Home » Congress directs US Army to study alternative explosive disposal methods

Congress directs US Army to study alternative explosive disposal methods

by Minden Press-Herald

BATON ROUGE — The critical work of Louisiana-based Explosive Service International to dispose of material at Camp Minden could be a key component of the United States Army’s future efforts to more safely get rid of munitions and other explosives.

As part of the 2017 National Defense Authorization Act, Congress directed the Army to work with the National Academies of Sciences, Engineering, and Medicine to study alternatives to the military’s current method of “open burning” to dispose of its weapons stockpile. Since last year, ESI has been safely disposing of explosives at Camp Minden using a clean burn chamber with the most advanced pollution abatement system in the world. The emissions from this system are continuously monitored and routinely tested by a third party.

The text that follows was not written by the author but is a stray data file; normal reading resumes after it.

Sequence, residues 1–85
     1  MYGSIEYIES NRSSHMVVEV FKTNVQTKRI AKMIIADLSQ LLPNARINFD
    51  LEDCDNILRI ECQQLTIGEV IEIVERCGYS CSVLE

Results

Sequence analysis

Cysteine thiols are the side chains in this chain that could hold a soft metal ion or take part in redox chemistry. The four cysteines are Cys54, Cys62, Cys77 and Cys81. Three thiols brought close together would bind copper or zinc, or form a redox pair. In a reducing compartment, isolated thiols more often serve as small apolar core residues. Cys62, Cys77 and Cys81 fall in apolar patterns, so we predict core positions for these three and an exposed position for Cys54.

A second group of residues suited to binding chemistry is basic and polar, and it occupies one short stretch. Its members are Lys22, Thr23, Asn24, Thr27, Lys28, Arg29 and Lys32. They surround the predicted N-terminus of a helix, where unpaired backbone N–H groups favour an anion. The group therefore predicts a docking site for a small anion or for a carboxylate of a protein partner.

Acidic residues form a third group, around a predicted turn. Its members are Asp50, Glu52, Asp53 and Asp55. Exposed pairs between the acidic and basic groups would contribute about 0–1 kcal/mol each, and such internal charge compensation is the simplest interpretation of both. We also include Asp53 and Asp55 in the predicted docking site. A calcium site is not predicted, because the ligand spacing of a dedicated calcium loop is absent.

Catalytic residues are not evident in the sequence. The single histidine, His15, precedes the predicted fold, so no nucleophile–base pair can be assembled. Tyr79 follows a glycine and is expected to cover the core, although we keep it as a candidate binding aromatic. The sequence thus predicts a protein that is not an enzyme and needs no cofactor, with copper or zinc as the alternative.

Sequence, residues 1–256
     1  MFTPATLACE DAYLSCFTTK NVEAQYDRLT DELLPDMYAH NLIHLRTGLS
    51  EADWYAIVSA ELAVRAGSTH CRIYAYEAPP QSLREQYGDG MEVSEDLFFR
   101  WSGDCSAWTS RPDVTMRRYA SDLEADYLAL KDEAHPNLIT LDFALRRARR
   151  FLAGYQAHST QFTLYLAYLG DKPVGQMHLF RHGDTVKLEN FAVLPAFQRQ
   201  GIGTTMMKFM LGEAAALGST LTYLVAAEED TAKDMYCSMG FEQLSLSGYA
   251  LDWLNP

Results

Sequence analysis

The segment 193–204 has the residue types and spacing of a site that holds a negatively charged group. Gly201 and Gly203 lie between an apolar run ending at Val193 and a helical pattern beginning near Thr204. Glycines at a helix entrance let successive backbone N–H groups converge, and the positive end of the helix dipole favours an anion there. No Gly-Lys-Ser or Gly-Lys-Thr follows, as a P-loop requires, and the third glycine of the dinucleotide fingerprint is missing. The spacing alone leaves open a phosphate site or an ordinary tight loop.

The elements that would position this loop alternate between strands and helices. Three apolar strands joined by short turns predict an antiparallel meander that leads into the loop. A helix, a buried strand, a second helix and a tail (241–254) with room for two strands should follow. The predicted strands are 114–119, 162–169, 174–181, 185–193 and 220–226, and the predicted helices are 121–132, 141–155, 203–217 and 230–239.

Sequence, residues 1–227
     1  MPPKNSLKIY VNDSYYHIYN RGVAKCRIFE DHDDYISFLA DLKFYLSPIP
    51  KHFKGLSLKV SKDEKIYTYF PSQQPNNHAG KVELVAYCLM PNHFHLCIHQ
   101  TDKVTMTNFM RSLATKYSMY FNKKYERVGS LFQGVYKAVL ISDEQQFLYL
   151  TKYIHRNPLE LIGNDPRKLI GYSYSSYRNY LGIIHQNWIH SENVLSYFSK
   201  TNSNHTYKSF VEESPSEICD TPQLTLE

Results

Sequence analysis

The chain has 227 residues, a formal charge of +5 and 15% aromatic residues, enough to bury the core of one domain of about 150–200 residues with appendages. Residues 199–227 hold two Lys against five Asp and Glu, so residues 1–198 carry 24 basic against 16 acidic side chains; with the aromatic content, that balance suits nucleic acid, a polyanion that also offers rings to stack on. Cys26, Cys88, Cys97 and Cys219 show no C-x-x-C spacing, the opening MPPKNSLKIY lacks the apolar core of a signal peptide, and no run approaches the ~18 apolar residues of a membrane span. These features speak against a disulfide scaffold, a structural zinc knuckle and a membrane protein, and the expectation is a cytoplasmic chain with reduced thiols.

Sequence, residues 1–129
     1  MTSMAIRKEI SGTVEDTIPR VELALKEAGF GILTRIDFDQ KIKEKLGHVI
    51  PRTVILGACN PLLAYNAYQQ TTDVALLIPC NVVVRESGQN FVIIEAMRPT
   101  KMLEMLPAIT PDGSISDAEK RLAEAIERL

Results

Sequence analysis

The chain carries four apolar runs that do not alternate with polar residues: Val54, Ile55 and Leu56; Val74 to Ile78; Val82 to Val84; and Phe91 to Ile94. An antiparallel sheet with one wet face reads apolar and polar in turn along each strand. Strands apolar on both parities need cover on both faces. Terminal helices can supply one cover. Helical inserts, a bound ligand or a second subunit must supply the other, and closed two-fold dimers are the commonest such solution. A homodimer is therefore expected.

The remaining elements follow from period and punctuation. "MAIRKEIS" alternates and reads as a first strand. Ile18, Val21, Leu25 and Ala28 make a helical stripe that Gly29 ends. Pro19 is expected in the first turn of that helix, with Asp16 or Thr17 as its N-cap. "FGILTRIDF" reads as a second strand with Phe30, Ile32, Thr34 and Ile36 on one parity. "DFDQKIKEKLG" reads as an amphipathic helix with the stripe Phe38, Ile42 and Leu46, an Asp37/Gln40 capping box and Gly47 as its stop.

The results have proven to be twice as clean as the air the community is breathing.

To date, ESI has disposed of more than 12 million pounds of dangerous explosives, which were abandoned by another company working at Camp Minden several years ago. Because of the unstable nature of the explosives, safely disposing of them is critical to protecting the safety of the surrounding community by using the most advanced environmentally sound equipment in the world.

ESI measures air quality in the community and conducts quarterly stack emissions testing of the chamber, which it publishes online at www.esicampminden.com. The chamber is the safest and most environmentally friendly operation of its kind in the nation, exceeding all federal air quality standards.

Jason Poe, ESI’s vice president, said, “ESI is proud of its work to help make the community surrounding Camp Minden more secure by disposing of these explosives. We believe our work demonstrates that you can dispose of these kinds of explosives in a way that is safe for the community and the environment. We are hopeful to be able to share our experience with researchers and help shepherd in new, better ways of getting rid of this kind of sensitive material.”

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